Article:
A morning run. The crunch of snow underfoot. There is a reluctant morning light; Moscow goes to bed late, drowning its sorrows. I run either side of the Moscow River, which is three quarters free of ice. Into the wind (west) it is cold and I must wear my gloves, with the wind it is warm enough to take them off. Past the Red October chocolate factory and the black rigging of the monument to Peter the Great. On the south side of Krimsky bridge chauffeurs are filling their black Audis and polishing them. Their shine will last moments in the slush. On the north side of the bridge a pound filled with police cars slowly empties. The line of silver patrol cars, each one a Ford Focus, moves quietly out onto the street. It is 7.30am.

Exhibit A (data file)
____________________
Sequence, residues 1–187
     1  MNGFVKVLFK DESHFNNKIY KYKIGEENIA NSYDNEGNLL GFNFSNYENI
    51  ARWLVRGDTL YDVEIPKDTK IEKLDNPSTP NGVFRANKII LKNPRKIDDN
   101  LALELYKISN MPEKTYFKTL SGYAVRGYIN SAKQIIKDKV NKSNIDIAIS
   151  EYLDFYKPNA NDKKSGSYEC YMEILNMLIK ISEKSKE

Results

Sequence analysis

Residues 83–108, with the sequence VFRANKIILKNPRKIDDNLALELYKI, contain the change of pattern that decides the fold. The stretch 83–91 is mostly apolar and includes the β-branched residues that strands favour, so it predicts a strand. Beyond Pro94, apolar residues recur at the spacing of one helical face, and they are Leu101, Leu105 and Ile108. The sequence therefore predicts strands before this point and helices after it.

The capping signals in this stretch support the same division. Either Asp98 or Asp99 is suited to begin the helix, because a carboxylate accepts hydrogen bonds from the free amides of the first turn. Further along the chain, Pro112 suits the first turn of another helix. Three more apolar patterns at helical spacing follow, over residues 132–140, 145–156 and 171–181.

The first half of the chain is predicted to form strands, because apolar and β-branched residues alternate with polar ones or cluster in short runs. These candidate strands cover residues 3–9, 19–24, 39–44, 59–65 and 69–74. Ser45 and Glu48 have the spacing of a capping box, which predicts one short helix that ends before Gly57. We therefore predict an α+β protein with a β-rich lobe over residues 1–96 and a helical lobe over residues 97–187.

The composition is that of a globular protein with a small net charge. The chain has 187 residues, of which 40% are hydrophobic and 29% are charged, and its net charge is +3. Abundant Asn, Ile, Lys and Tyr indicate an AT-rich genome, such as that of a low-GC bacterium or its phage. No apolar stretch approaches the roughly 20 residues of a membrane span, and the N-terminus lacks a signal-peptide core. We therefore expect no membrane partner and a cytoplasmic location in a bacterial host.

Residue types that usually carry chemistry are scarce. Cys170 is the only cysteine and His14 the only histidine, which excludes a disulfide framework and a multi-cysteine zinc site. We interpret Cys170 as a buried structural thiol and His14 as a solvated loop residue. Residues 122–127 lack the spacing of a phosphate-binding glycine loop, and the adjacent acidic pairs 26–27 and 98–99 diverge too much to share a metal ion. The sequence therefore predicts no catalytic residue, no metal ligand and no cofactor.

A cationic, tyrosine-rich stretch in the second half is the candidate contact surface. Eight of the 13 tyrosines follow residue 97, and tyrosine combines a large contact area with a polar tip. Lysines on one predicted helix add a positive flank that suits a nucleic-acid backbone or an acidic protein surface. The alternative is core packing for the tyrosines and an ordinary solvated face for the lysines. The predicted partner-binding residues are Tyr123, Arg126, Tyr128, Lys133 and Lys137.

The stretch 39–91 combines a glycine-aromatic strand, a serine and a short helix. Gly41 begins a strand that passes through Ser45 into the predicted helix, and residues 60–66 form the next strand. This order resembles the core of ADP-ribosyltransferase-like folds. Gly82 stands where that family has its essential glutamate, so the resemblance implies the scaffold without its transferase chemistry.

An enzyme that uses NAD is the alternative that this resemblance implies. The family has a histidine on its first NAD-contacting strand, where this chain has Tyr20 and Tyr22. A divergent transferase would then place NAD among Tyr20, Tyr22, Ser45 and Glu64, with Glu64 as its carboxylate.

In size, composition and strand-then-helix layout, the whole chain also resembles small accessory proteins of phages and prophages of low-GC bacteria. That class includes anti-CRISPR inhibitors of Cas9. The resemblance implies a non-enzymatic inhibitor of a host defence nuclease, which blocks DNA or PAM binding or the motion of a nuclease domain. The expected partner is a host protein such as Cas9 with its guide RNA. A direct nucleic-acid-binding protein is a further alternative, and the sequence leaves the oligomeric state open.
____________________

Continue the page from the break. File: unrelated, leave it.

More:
I run west along the river towards the fortress walls of the Kremlin. It is surrounded by dual carriageways too wide and fast for a sane pedestrian to attempt to cross. This is urban planning for power, not citizens; a centre built for march pasts and cavalcades and the management of crowds. Across the river the British Ambassador’s Residence, a classical palace built in 1862 for a sugar baron; its flag beautiful in the snow. I run back over Bolshoy Kamenny bridge, and into Bolotnaya Square. A middle aged man on his way to work stands still watching sparrows noisily occupying a bush. This is a park. Someone has stencilled ‘Bench’, Banksy-style, onto many of the grey benches. A row of metal trees, their iron branches hung with a multitude of padlocks; each a promise of shared love. This is a rare human touch. There is no room left.